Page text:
Food for thought, Dr Phillips
THE EDITOR, Sir:
I have watched the contest for leadership of the People’s National Party (PNP) with Dr Peter Phillips and Peter Bunting.
For what it is worth, I have a nugget of observation of the Jamaican people to share with Dr Phillips.
Whenever there is a tragic death in a community and the television cameras go to the vox pop segment to get a sense of the character of the deceased, the first or second word those interviewed utter is “(s)he was jovial”. Even children who have met untimely deaths are remembered as ‘jovial’.
This concern with how jovial the deceased was ranks higher than any other qualities he or she may have had. Joviality trumps competence, discipline, being hard working, or principled. What the people like to remember is that the deceased was a jovial person.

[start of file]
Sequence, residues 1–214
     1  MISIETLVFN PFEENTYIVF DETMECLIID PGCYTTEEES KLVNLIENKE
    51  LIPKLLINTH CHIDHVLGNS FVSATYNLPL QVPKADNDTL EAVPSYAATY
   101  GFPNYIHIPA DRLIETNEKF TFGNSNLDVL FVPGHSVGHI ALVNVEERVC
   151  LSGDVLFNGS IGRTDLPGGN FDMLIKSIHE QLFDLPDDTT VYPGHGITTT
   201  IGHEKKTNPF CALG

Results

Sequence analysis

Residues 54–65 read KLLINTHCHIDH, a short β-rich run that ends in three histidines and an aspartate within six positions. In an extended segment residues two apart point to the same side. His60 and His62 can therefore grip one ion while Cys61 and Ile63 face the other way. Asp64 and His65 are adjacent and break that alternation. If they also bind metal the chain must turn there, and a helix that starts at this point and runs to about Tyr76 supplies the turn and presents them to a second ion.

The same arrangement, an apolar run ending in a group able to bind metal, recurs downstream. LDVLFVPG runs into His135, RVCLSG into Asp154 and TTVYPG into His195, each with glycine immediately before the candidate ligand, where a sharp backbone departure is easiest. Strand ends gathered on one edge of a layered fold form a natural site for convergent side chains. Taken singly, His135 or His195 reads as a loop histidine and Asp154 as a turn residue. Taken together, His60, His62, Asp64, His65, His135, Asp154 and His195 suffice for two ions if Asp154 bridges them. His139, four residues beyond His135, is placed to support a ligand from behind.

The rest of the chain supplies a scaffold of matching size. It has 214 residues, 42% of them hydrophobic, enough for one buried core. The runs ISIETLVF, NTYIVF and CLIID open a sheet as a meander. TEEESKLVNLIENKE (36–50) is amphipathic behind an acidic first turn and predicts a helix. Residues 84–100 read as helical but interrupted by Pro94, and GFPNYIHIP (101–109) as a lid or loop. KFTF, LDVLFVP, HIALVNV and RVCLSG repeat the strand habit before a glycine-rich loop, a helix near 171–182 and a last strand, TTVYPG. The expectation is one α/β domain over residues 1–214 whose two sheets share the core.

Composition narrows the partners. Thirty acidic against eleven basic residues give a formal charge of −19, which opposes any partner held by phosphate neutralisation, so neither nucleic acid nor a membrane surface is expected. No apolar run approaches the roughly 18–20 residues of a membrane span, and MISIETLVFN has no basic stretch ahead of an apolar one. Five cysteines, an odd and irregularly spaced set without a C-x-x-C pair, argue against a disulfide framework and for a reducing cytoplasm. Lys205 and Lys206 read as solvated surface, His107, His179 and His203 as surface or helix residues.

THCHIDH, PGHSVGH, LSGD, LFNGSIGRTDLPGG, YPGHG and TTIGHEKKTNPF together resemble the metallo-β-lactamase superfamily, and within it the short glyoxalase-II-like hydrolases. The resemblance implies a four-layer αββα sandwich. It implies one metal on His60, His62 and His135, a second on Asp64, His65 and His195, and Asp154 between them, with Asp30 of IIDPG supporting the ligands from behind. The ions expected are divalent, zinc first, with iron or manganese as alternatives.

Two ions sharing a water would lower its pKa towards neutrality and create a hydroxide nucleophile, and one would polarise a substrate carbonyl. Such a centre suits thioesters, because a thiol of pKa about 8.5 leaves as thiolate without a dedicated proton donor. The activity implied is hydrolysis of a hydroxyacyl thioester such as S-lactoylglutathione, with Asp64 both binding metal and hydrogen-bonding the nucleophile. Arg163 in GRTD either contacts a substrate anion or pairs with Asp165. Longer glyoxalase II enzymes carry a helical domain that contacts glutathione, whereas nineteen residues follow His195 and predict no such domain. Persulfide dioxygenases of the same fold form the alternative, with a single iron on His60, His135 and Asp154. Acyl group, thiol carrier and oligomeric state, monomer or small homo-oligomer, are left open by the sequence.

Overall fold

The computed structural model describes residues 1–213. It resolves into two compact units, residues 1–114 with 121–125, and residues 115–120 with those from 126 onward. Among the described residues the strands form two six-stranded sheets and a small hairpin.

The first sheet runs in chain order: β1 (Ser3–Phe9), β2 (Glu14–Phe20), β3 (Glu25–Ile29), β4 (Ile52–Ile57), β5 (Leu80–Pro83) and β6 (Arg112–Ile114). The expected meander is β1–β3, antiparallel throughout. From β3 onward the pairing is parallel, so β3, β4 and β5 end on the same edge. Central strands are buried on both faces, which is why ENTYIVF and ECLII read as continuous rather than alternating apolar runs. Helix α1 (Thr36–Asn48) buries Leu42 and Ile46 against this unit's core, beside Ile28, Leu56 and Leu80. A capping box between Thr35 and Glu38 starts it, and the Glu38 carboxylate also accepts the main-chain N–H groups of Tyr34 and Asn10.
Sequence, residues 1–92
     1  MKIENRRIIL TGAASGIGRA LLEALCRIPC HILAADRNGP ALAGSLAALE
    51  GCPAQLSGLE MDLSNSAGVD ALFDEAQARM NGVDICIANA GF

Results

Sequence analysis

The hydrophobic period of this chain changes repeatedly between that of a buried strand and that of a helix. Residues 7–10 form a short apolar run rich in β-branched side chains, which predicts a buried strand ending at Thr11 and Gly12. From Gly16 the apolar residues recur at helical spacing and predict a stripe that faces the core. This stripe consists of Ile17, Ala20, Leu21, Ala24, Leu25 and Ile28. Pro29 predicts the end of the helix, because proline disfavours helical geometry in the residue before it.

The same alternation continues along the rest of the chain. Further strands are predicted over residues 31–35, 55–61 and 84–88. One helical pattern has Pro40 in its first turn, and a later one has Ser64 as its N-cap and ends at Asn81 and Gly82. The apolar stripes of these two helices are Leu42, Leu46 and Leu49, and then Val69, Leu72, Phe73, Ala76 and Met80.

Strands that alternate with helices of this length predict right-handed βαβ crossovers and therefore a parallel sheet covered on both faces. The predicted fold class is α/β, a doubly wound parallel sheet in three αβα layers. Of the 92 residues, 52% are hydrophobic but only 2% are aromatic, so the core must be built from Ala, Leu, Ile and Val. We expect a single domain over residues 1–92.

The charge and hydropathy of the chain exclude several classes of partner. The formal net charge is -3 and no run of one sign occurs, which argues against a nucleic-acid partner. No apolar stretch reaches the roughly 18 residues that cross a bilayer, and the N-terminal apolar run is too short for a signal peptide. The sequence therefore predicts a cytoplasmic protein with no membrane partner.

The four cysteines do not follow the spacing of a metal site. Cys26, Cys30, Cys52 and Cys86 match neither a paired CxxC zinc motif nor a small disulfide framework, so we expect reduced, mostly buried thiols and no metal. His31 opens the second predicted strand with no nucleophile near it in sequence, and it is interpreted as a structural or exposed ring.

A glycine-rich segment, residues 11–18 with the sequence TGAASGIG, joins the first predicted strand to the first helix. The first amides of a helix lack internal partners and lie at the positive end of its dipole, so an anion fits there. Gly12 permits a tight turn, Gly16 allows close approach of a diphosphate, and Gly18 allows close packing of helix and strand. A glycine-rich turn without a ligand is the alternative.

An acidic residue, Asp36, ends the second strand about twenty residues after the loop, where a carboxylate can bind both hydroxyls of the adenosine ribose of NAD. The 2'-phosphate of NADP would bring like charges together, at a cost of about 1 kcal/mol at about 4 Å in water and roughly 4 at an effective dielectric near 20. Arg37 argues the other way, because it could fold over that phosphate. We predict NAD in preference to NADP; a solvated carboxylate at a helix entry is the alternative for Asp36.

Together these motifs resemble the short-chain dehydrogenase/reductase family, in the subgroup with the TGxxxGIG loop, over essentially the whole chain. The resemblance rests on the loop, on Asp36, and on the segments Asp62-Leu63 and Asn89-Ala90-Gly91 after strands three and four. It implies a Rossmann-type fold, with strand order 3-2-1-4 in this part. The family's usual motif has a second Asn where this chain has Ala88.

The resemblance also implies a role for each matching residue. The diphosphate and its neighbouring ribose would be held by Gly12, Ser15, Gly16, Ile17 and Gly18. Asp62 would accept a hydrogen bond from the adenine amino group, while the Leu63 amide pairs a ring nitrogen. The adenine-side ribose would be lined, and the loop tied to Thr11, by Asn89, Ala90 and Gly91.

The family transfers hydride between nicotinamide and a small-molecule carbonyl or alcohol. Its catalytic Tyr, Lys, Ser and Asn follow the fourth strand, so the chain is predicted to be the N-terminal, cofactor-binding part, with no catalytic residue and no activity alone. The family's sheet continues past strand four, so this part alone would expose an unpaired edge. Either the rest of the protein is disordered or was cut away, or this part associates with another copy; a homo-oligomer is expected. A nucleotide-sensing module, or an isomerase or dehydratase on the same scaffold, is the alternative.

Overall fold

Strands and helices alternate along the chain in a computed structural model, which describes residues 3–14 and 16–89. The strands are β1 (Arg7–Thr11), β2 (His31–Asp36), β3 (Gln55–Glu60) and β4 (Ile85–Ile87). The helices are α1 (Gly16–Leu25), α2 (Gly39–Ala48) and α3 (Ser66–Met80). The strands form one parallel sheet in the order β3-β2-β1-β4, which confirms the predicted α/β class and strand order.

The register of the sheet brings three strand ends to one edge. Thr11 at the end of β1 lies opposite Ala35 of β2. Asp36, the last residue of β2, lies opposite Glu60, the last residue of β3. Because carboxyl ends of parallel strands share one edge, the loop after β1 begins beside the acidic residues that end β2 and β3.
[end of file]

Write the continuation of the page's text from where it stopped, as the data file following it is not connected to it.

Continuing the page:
MEANING OF JOVIAL
The Oxford dictionary defines jovial as “friendly or very cheerful”, while the Merriam-Webster dictionary defines jovial as “markedly good-humoured, especially as evidenced by cheerfulness”.
Dr Phillips speaks, thinks, and acts like a competent, principled, disciplined, hard-working leader, but if the delegates are anything like the general Jamaican public, they will need or want a leader who is jovial, the antithesis of Dr Phillips, whose very speech projects his disciplined, principled, and competent nature.
Spare a thought for those who want a jovial leader, Dr Phillips!